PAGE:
“Hey mom, something’s dripping.”
I followed my son’s voice to the living room and saw that the pool of water that had formed on the ledge of our Palladian window was waterfalling down the window frame and splashing onto the hardwood floor. Outside, raindrops slapped onto the glass and the wind whooshed through the opening that betrayed the dry warmth of our house. I got some towels and mopped up the water, stuffed one into the leak, and instructed the kids to continue getting ready for school. This would have to wait; it would soon be time to go.
Later, a couple of internet searches revealed a few things. The leak fix would most likely not be costly, amounting to little more than a line of silicone caulking around the outside of the window. I exhaled in relief. I imagined tens of thousands of dollars in window replacements, black mold, the façade of our house crumbling. I am nothing if not a little theatrical. This was feasible. Most troublesome was that the fix could only be applied when the rain stopped, and it was forecasted to continue all day.
Through the next several hours the leak got worse, and I thought of the truth that water will find a path of least resistance and continue until the source stops, creating something new in the process. I thought of wide river beds, stalactites, the Grand Canyon. What would happen here?
I wadded up more towels to stem the flow and put the now wet ones in the dryer. My mild alarm about the leak turned to fear. What do I do? I can’t stop the rain. My feelings surged. I was scared, confused about what to do, and angry.
My husband was out of town for work on the other side of the country. Although he maintains that traveling for work is not as glamorous as it seems, the idea that he was sleeping in a warm hotel room, all of his needs taken care of, meals served and bed made, and it was even warm and sunny there, for the love of everything holy, made me jealous and angry. He wasn’t dealing with this. He never dealt with this. These things always happen when he’s conveniently away, peacefully oblivious and blissfully unable to help.
Hateful thoughts mingled with the fearful prayers I hastily threw God’s way. Please stop this rain. Please help me do this.
The next hour was spent hauling our impossibly heavy metal ladder out of the garage, locating a roll of plastic sheeting, trying to figure out how to attach it to the outside of our stone-covered house in the driving wind and rain, finally using the flat edge of a screwdriver to push the plastic into the crack that I could now see was the culprit. The wind threatened to blow me off my slippery perch, and as I braced myself, soaked in jeans, boots, and a winter coat, my hands red and raw, I was determined.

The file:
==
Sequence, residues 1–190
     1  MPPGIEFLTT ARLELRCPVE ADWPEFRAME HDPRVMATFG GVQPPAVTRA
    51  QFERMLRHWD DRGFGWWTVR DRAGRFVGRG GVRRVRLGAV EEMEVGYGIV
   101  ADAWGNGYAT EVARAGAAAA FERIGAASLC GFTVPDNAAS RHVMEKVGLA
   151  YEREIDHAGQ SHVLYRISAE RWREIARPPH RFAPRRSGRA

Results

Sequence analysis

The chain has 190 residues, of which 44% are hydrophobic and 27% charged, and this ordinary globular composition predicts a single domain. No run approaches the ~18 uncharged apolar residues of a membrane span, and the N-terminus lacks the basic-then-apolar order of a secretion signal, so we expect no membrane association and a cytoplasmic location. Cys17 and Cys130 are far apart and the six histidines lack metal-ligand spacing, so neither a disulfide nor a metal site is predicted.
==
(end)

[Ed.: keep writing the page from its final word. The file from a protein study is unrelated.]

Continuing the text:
Obscenities and declarations of “I hate everything” filled the texts I wrote to my husband later to tell him what was going on. It was early morning where he was. I imagined his sleepy face, his calm walk to the shower, to breakfast, to golf – whatever it was he would be doing that day, only being concerned with himself. I hated the rain, our house, the stupid window, his job, my life.
I was an awful sinner that day.
My anger found the path of least resistance, and it spilled out into my thoughts, my words, my behavior. I was not gracious, or peaceful, or calm, or Jesus-y. Those things were too hard. It was easier being jealous, hateful, and angry. Like a trickle of water eventually carving a wide riverbed, anger was transforming me into a nasty, mean person.
At the end of that day, I was exhausted. But the beauty of life is changing perspective: the house did not crumble, and the water slowed down enough so that I could keep ahead of it. It was not supposed to rain heavily for the next few days, allowing our house to dry out so that I could seal the crack. I humbly asked for forgiveness then, and I know God absolved me of my sins, just as he promised he would through Jesus’ sacrifice, just as he promises he will for the rest of my life.
I feel bad about my attitude that day – a terrible consequence of sin is the memory of it. It haunts us, reminding us of how low we can go. But God forgives, and despite my sin, my path of least resistance, he has healed me and wiped me clean with the blood of Jesus. I am so grateful. My work is in trying to do better next time, in sinning no more.
Don’t you realize that this is not the way to live? Unjust people who don’t care about God will not be joining in his kingdom. Those who use and abuse each other, use and abuse sex, use and abuse the earth and everything in it, don’t qualify as citizens in God’s kingdom. A number of you know from experience what I’m talking about, for not so long ago you were on that list. Since then, you’ve been cleaned up and given a fresh start by Jesus, our Master, our Messiah, and by our God present in us, the Spirit. 1 Corinthians 6:9-11 (The Message)
Jesus was left alone with the woman standing before him. Jesus stood up and said to her, “Woman, where are they? Has no one condemned you?” She said, “No one, Lord.” And Jesus said, “Neither do I condemn you; go, and from now on sin no more.” John 8: 9-11 (ESV)